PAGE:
The views from the Ferry were just beautiful. It almost reminded me of a modern, Mediterranean town somewhere remote. What isn’t captured in these photos is the impromptu storm we rode out on the ferry. Swells rose to such a height the captain brought everyone inside the boat to ride it out as best we could. A few faces did look a little green.
Once the storm clouds began to clear the sail boats came out to race and enjoy the evening light.
Evening seemed to last quite a while and it seemed everyone who had a boat was out in it. It made for quite the show for the ferries.
The sun started to go down though, as it always will, and we made it to Manly Wharf and then the beach walk just in time for a few final pictures before the night fell.
The evening was really quite comfortable and the air surprisingly didn’t seem to smell that salty. However it was a harbor after all so I’m guessing the actual ocean-facing beach probably had a bit more salt in the air.
We noticed this restaurant on the main walking street that strongly resembled Burger King from the US, quite a bit. We even walked up to it and took a peek into the restaurant and even the menu and interior was nearly identical. Possibly the Australian branch of Burger King?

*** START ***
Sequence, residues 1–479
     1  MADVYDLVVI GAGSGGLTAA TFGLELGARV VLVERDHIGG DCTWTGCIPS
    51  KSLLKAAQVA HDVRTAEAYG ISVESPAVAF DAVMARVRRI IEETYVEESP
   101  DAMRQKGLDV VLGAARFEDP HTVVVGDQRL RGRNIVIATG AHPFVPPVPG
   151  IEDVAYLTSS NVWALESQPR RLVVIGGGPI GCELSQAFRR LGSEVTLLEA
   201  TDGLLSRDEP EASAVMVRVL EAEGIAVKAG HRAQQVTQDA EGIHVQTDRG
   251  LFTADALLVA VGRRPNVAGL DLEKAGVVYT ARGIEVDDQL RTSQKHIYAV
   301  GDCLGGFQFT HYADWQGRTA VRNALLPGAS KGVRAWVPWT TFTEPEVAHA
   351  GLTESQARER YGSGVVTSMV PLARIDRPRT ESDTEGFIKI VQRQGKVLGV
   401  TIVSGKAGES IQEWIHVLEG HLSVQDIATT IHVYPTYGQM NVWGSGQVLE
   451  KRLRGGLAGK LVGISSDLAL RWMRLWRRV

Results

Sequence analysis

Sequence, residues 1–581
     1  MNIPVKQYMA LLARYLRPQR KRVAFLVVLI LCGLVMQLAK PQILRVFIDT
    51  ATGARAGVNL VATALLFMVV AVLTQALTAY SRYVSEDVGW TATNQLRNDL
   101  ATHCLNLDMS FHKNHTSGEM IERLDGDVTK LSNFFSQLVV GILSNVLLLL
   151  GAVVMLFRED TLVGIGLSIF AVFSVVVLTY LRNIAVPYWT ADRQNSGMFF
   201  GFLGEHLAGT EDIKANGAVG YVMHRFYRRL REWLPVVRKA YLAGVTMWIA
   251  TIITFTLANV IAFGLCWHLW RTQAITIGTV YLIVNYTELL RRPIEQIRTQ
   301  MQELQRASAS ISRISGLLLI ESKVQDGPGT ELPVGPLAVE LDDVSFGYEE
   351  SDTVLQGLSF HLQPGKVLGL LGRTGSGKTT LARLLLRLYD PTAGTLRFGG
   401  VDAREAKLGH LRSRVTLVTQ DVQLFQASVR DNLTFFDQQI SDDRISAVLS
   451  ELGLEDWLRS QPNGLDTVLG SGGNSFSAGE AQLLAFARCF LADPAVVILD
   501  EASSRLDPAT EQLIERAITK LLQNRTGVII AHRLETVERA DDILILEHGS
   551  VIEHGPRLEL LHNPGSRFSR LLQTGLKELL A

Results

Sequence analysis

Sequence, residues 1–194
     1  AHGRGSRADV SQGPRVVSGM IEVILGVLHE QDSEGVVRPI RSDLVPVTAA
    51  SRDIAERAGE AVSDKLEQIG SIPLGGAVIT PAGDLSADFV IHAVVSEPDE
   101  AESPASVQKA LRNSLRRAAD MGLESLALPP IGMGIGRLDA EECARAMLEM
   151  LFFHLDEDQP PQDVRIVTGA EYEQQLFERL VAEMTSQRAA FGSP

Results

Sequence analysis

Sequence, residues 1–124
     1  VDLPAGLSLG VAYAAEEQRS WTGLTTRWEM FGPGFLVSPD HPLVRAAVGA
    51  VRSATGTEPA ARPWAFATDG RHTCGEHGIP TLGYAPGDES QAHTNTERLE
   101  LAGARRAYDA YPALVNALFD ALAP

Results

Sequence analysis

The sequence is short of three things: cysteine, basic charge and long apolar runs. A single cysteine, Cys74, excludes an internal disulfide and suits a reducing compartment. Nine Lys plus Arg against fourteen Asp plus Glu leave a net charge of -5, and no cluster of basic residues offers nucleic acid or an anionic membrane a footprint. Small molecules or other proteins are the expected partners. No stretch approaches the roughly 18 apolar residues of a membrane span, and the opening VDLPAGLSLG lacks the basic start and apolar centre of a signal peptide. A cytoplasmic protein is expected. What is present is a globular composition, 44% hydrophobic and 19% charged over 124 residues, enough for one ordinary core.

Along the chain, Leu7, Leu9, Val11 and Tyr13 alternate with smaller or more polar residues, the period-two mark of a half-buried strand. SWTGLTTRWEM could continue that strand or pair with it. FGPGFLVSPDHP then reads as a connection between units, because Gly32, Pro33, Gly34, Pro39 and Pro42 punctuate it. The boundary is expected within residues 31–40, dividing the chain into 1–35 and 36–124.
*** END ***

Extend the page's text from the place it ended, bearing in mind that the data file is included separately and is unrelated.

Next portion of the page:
On our way back from an amazing restaurant we ate at, the Manly Grill, the shops and eateries were lit up for late night business and kept our path illuminated.
Our group just barely made it back to the ferry wharf where the boat was waiting and we enjoyed a peaceful and swift trip back to Sydney where we all collapsed back in our rooms, packed our bags, and took off the next morning for the long flight back to the US.
One thought on “A Fast Week Down Under”
What an experience. Thank you for the pictures. Saw JP while you were gone.